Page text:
I was stressed about going. It felt like a great mountain to scale. What would it be like, queues all through the car park? And then when we got there, nothing. No one there. So there we were standing outside the doors at 5.50 am, waiting. It looks well stocked at least, he said. A member of staff turned up and pulled aside the doors. Better wait for the manager to open them officially, he said. Yes, we said. By 6.05 I was abuzz with agitation. I just want to get it over with, I said. So he stepped forward and pulled aside the doors, and we went in. This is OK, I said, where is everybody? We went our separate ways, he going to one end I to the other. It must’ve been five minutes later that one of the staff, the one with the ponytail, asked how I’d got in. Had they opened the doors? he asked. I don’t know, I said, feeling my nose start to lengthen. Then he said, it’s just that we’re not meant to open until 8. My heart sank. Then the manager turned up, followed by him, looking a little nervous that I might lose it. There were no signs, I said. There are, she said, and we played it over the tannoy all last week. She was very nice about it, wheeling my trolley-full away to put behind the customer service desk. What a bugger. I don’t think I can go through that again, I said to him. Let me do it, he said. What a love. And he is going to do it too. Soon. I feel bad letting him, but perhaps it is best. I am useless at this loss of control over the life I live. It’s the minutiae that gets me. The bigger stuff I am better at. Mind you, that will come. That will come. So I got home feeling at a loss and did a meditation. And promptly fell asleep. It’s all sliding. The structure has gone flaccid. What am I, anymore?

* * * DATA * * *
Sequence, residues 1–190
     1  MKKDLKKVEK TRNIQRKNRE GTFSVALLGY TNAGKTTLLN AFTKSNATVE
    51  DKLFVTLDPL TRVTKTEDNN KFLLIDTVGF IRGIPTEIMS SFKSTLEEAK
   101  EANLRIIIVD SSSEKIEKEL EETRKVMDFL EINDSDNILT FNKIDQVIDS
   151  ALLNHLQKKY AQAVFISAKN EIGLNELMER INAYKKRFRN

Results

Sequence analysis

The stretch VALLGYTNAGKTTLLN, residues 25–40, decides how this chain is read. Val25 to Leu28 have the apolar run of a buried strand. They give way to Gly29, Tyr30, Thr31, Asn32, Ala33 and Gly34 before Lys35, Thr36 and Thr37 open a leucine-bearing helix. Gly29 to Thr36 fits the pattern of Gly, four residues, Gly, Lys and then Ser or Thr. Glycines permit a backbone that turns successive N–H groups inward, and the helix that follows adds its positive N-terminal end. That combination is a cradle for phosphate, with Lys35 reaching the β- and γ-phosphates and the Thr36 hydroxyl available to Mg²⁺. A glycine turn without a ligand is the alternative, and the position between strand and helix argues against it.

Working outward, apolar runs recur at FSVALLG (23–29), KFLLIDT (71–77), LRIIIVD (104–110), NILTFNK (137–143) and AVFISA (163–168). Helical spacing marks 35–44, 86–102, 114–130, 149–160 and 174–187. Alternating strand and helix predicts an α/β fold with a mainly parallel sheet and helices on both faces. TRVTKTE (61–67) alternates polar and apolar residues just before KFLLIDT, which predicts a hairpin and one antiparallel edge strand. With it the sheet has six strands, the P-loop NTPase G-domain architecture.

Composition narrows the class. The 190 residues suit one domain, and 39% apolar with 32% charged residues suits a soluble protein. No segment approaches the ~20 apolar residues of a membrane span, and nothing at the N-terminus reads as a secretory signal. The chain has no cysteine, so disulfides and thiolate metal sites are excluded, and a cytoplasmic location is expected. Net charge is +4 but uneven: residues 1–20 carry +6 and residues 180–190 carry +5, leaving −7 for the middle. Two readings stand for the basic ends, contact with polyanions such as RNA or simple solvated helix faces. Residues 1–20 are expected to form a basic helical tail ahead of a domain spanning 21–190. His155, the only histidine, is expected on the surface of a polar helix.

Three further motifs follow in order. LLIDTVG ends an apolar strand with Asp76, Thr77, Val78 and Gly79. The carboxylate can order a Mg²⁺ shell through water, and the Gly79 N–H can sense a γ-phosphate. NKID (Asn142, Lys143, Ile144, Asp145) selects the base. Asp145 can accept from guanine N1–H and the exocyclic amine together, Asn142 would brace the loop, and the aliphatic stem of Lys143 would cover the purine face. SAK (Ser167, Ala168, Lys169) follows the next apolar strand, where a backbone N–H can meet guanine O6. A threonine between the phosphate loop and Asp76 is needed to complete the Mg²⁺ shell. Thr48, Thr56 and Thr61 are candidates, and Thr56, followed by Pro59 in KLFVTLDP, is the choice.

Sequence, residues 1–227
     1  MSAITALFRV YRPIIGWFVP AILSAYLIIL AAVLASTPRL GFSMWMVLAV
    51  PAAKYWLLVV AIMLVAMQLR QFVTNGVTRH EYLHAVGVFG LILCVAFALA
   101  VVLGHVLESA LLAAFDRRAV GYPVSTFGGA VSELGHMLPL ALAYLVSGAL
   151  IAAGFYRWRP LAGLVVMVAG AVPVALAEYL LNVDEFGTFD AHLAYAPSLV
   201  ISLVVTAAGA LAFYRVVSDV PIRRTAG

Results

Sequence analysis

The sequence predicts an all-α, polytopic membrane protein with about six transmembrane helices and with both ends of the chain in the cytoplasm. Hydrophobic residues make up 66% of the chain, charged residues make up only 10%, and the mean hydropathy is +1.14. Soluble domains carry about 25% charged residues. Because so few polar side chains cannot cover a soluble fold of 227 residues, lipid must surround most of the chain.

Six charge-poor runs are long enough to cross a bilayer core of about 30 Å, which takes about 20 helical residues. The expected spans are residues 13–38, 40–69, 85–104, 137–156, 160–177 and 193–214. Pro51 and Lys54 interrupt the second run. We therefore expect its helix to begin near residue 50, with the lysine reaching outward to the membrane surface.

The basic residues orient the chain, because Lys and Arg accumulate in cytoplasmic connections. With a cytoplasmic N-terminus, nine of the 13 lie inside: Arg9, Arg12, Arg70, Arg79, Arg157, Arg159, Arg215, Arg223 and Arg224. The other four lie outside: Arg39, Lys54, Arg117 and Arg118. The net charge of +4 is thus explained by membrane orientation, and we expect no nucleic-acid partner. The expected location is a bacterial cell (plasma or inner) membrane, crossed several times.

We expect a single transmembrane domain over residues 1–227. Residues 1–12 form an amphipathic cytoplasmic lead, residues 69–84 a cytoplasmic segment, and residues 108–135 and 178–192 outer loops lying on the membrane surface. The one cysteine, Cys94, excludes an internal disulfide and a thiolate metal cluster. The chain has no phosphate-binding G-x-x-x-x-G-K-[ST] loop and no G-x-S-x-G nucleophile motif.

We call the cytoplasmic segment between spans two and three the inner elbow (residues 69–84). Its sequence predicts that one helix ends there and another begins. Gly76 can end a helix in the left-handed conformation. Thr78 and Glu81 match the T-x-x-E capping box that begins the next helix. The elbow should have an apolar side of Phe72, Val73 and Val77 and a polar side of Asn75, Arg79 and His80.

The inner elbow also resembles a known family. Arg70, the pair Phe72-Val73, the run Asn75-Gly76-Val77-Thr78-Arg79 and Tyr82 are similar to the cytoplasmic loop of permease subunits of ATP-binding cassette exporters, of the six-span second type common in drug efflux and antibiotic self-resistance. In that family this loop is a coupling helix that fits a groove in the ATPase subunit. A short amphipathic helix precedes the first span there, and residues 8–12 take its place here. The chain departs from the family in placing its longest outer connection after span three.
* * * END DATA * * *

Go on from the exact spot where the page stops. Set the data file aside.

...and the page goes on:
By Ellen Bell

Artist and writer currently living in Aberystwyth.